Ask the HOA board for a copy of its “declaration,” which defines what the HOA insures and what the unit owners insure. Aim to purchase insurance for those things that the master policy does not cover.
Types of Master Policies
There are four master policy types that offer varying levels of coverage.
- For a “bare walls in” policy, you, as the unit owner, are responsible for “the touchable wall and anything attached to it, the floor and ceiling—the interior shell of the structure,” says insurance broker Cindy St. George, with the independent Christopher Williams Agency in Pittsford, N.Y. “The rest is the responsibility of the HOA.”
- For a “wall studs in” policy, you are responsible for the back of the wall, where it meets the studs, and inward. The HOA is then responsible for the outside shell. Think of a box within a box,” St. George explains.
- For an “original specification” policy, features such as countertops, faucets and flooring would be covered by the HOA master policy unless you’ve made any additions or alterations, such as a new quartz countertop.
- For an “all in” policy, the condo association is responsible for covering the interior features, but you’re still responsible for insuring your personal property, as well as purchasing insurance to cover your liability—should an accident occur on your property—and living expenses—should you be forced to move elsewhere temporarily while your home in under repair. St. George explains this type of policy: “If I turned your apartment upside down, you insure whatever falls out.” She suggests purchasing replacement costs coverage for all your belongings.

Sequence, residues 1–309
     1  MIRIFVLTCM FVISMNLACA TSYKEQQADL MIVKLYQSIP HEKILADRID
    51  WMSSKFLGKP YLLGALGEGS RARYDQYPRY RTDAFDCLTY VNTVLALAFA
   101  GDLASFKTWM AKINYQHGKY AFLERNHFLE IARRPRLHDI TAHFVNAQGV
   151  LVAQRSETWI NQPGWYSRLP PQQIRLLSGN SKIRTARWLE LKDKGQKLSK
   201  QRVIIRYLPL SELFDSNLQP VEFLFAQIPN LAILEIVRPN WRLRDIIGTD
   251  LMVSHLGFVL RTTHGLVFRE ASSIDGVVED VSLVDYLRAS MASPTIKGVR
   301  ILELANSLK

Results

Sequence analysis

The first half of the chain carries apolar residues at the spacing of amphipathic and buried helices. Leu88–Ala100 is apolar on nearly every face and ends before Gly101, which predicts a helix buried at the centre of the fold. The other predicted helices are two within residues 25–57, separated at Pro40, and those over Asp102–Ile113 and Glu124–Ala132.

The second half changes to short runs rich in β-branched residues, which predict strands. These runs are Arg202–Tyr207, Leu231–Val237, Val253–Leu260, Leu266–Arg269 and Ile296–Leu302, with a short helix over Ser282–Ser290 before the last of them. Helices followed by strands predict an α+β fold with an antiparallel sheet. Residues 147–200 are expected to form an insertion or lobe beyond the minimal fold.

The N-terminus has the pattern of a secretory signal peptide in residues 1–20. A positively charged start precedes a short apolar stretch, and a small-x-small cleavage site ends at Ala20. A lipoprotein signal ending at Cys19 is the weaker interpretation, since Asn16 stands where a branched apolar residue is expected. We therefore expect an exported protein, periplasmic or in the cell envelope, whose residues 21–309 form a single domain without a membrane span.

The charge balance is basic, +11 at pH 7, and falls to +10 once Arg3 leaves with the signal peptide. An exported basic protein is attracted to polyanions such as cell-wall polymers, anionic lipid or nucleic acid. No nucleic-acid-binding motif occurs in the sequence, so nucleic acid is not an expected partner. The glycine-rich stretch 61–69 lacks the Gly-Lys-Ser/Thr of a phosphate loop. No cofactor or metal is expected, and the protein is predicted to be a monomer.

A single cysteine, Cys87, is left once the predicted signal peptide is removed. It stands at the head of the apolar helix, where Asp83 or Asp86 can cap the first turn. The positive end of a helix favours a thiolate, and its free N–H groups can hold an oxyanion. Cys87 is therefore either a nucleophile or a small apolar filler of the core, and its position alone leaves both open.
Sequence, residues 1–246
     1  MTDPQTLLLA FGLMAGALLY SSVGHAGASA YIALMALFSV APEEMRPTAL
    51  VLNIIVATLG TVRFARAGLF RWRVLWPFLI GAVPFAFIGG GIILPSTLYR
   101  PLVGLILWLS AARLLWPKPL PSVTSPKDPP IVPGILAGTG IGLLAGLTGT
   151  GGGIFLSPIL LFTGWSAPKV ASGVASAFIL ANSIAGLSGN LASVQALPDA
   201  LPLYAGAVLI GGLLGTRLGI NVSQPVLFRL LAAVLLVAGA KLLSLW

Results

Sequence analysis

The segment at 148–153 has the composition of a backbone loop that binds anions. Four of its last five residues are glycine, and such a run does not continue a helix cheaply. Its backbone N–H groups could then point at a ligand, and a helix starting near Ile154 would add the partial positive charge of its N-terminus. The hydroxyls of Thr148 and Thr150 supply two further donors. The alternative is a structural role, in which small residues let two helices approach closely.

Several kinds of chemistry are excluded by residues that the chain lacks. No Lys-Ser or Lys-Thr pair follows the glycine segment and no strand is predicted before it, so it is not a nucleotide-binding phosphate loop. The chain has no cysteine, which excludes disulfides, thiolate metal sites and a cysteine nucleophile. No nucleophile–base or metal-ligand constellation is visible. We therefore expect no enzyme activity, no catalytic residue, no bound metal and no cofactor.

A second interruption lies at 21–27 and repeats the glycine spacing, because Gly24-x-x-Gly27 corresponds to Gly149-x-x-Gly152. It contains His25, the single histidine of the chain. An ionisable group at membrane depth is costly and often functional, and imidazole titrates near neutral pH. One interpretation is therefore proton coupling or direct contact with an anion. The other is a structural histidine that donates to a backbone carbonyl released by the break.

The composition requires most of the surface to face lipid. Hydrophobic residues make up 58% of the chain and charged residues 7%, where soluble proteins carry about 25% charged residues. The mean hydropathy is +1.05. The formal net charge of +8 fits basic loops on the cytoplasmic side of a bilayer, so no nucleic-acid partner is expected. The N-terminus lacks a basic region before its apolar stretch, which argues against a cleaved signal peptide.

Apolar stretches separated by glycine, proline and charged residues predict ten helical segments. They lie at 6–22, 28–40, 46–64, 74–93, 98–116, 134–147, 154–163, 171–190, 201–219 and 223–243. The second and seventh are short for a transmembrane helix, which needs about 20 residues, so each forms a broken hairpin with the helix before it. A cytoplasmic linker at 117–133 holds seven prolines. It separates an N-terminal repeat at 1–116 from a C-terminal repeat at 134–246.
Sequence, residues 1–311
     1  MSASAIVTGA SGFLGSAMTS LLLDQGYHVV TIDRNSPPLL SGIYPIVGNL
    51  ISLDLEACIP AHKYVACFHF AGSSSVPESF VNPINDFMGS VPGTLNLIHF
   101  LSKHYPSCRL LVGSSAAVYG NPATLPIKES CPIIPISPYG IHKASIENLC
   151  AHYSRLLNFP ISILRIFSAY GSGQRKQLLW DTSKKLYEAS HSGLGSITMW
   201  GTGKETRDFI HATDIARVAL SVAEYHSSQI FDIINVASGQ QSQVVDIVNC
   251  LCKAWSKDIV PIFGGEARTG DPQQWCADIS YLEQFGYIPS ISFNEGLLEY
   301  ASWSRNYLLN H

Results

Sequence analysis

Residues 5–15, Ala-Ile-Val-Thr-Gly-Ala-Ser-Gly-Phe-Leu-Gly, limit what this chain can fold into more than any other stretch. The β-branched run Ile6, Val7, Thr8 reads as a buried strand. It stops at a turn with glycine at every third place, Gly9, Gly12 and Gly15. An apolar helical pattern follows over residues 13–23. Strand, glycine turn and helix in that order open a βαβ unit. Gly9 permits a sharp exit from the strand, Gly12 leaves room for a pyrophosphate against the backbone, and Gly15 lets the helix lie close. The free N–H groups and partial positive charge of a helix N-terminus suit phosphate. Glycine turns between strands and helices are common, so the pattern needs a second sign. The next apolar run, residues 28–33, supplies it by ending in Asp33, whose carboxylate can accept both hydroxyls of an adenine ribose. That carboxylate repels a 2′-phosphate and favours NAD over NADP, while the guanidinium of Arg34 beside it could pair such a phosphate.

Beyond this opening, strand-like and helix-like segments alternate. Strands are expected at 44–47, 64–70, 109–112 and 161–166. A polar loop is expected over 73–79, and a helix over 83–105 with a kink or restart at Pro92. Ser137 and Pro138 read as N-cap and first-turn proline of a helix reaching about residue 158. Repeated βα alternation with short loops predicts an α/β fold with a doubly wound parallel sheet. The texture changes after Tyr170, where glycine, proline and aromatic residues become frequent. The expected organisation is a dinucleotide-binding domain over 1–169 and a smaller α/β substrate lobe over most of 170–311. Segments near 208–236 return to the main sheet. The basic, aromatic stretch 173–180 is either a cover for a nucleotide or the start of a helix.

Additional Insurance Concerns
In addition to determining what type of policy is in place at the building you’re interested in, you should also find out how much the master policy’s deductible is. Due to increases in insurance costs, buildings are purchasing larger deductibles—in some cases, $50,000. And depending on the HOA bylaws, if a covered loss were to occur, either all of the owners would pay toward the deductible, or only the owners of affected units would pay toward the deductible.
Here’s an example of what that could mean: The Westledge Condo Complex consists of 20 buildings with 10 units in each building—for a total of 200 units. A terrible hurricane rolls through the condo complex, blowing off the roofs of two buildings. If the $50,000 deductible was assessed over the 200 units, each unit would be responsible for $250. If the deductible was assessed over the 20 units that were affected only, each unit would be responsible for $2,500.
Or, perhaps instead of a hurricane, there was a fire that affected one unit only. That owner of that unit might be responsible for the entire $50,000.
Note that Loss Assessment coverage is likely included in your individual policy. This provides coverage when you, as the condo owner, are assessed for a covered loss that the condo association suffers, such as when roofs are blown off or someone falls at the pool and sues. However, the amount of coverage will probably be small (perhaps $1,000), so it’s a good idea to purchase more loss assessment coverage based on the association’s bylaws and deductible.
And, if the building or complex is located in an earthquake-prone area, Earthquake Loss Assessment coverage should be purchased as well, as it is a separate coverage altogether, not included in your basic or additional loss assessment coverage.
As with all insurance needs, it’s important to work with an experienced agent or carrier. “What if I have a $2,000 mountain bike on my deck and the deck falls off and the bike is destroyed? Who covers it?” Parker asks. “Or does it cover my car in the garage or the things in my storage unit if the building falls down?” Those are the kinds of things you need to investigate when selecting an insurer.